Print firm in court after worker loses finger

A Gosport printing company has been fined after a worker lost a finger and seriously injured another during unsafe maintenance work on a book binding machine.

Leharna Bull, 28, from Gosport, had to have the middle finger of her right hand amputated as a result of the incident at Ashford Colour Press Limited on 19 August 2013.

Her employer was prosecuted today (22 May) after an investigation by the Health and Safety Executive (HSE) identified clear failings with the guarding on the machine she was operating.

Fareham Magistrates’ Court heard that Ms Bull was attempting to clean the milling blades on the large binding machine and had removed a fixed guard to access the parts.

At the same time a fellow worker changed a milling bag where paper dust is collected.

The machine was restarted when Ms Bull was still working with the fixed guards open. She was unable to react in time and the moving blades caught her fingers.

HSE established that had the work been better planned and assessed the incident could have been avoided.

The court was told the machine should not have been allowed to operate when Ms Bull had access to the dangerous moving parts.

Ashford Colour Press Limited, of Fareham Reach, Fareham Road, Gosport, was fined a total of £13,000 and ordered to pay £1,278 in costs after pleading guilty to single breaches of the Provision and Use or Work Equipment Regulations 1998 and the Management of Health and Safety at Work Regulations 1999.

After the case, HSE Inspector Alec Ryan said:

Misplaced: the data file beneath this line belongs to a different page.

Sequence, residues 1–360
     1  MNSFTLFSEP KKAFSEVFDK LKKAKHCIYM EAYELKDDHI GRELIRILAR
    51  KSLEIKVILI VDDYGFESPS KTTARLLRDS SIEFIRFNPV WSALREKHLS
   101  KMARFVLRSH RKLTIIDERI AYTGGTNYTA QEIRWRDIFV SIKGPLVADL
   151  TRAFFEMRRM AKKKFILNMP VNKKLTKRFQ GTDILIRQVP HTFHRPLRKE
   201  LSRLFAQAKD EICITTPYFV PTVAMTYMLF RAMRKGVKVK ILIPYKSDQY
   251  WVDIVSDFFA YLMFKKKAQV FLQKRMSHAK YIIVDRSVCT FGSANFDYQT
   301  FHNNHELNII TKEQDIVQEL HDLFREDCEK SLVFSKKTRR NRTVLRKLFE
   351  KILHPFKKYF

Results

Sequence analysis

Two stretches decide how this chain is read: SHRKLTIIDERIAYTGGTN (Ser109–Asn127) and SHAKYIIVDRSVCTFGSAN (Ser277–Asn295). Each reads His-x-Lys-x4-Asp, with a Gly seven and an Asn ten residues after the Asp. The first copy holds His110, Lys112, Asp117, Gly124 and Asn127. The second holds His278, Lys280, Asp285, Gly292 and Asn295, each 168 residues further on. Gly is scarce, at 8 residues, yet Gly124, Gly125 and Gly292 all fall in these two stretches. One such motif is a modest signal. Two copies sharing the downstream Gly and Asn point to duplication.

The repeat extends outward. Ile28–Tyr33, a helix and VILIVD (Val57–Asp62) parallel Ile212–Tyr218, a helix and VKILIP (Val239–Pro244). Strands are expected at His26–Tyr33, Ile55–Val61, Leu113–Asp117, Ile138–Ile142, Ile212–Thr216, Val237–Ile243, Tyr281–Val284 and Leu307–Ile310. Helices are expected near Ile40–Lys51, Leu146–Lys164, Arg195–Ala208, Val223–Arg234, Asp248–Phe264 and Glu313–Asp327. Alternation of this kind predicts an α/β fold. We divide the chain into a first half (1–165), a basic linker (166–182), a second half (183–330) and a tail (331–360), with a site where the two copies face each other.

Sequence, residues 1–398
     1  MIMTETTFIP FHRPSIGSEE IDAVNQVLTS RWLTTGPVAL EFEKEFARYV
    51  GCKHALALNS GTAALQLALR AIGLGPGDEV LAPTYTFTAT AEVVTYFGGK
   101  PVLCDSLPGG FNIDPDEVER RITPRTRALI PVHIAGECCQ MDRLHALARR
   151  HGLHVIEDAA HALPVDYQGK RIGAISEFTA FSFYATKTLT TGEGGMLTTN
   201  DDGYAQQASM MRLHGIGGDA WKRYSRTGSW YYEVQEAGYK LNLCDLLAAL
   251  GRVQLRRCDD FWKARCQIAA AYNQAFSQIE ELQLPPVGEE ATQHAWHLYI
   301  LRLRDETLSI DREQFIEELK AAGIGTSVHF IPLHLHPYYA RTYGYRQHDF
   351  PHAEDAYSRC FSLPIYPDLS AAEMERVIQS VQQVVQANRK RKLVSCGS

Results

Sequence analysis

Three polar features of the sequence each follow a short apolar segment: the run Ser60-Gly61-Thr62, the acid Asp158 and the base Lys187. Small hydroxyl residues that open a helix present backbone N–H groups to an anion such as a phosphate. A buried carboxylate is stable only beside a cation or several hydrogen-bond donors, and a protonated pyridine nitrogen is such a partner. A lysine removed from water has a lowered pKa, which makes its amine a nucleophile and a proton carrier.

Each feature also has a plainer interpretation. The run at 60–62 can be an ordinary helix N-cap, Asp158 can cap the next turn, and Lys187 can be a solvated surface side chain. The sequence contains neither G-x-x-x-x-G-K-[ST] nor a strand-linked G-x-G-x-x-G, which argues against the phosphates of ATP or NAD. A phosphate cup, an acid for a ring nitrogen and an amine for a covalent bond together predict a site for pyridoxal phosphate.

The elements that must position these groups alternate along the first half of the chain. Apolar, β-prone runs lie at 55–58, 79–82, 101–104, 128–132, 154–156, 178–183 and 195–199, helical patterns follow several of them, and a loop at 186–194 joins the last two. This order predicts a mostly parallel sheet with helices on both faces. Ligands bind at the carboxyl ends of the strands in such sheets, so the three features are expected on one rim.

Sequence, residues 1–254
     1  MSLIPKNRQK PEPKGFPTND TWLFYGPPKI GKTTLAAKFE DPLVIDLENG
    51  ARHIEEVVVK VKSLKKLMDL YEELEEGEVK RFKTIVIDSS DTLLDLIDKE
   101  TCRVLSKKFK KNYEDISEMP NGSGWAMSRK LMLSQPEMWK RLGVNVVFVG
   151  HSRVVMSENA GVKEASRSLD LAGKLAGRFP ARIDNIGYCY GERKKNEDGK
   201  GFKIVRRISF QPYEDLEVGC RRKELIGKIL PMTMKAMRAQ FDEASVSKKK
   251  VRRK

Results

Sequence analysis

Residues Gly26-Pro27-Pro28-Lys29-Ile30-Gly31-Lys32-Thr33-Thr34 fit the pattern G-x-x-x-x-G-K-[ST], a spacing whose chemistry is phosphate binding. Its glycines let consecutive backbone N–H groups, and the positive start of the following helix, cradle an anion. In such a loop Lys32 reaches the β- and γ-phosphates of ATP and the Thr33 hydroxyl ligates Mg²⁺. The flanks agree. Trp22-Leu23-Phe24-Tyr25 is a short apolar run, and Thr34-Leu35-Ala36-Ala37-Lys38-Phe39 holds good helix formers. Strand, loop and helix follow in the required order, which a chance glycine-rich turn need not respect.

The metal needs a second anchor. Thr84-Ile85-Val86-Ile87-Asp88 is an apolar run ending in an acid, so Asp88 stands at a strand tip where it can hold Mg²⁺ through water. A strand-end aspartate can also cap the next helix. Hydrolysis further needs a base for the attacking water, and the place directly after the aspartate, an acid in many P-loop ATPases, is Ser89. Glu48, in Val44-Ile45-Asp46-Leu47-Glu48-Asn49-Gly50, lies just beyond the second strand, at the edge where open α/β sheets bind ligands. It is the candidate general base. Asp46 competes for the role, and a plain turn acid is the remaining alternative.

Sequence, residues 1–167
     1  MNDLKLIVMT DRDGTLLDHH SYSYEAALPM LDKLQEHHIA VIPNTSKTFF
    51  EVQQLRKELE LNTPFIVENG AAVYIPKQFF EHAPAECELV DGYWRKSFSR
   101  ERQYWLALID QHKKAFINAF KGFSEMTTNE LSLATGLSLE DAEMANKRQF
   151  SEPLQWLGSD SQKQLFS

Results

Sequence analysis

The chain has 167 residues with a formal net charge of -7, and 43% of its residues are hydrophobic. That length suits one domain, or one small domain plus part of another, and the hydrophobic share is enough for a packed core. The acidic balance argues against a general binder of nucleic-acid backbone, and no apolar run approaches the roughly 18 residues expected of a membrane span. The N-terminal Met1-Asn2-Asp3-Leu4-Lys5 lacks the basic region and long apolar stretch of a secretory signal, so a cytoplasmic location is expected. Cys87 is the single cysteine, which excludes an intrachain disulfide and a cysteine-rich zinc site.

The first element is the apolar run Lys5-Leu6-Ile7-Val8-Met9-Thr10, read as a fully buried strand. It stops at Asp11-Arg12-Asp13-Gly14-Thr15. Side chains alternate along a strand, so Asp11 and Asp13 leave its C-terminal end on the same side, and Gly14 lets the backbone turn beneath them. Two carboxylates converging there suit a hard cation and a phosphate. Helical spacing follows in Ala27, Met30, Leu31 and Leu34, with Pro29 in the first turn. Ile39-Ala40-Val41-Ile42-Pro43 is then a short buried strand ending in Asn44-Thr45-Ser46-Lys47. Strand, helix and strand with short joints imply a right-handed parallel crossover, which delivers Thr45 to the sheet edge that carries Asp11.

“This was an easily preventable incident that has left a young worker with an irreversible hand injury. The system of work was inherently unsafe because it should not have been possible to operate the machine with dangerous moving parts exposed.

“It is vital that all maintenance work, however routine, is properly planned and assessed, and that suitable protection measures are implemented. That is especially true when you are dealing with powerful equipment like the binding machine that injured Leharna.”

For information on safe working with machinery, visit

Notes to Editors:

  1. The Health and Safety Executive is Britain’s national regulator for workplace health and safety. It aims to reduce work-related death, injury and ill health. It does so through research, information and advice; promoting training; new or revised regulations and codes of practice; and working with local authority partners by inspection, investigation and enforcement.
  2. Regulation 11(1) of the Provision and Use of Work Equipment Regulations 1998 states: “Every employer shall ensure that measures are taken… to prevent access to any dangerous part of machinery or to any rotating stock-bar; or to stop the movement of any dangerous part of machinery or rotating stock-bar before any part of a person enters a danger zone.”
  3. Regulation 3(1) of the Management of Health and Safety at Work Regulations 1999 states: “Every employer shall make a suitable and sufficient assessment of  (a) the risks to the health and safety of his employees to which they are exposed whilst they are at work; and (b) the risks to the health and safety of persons not in his employment arising out of or in connection with the conduct by him of his undertaking.”

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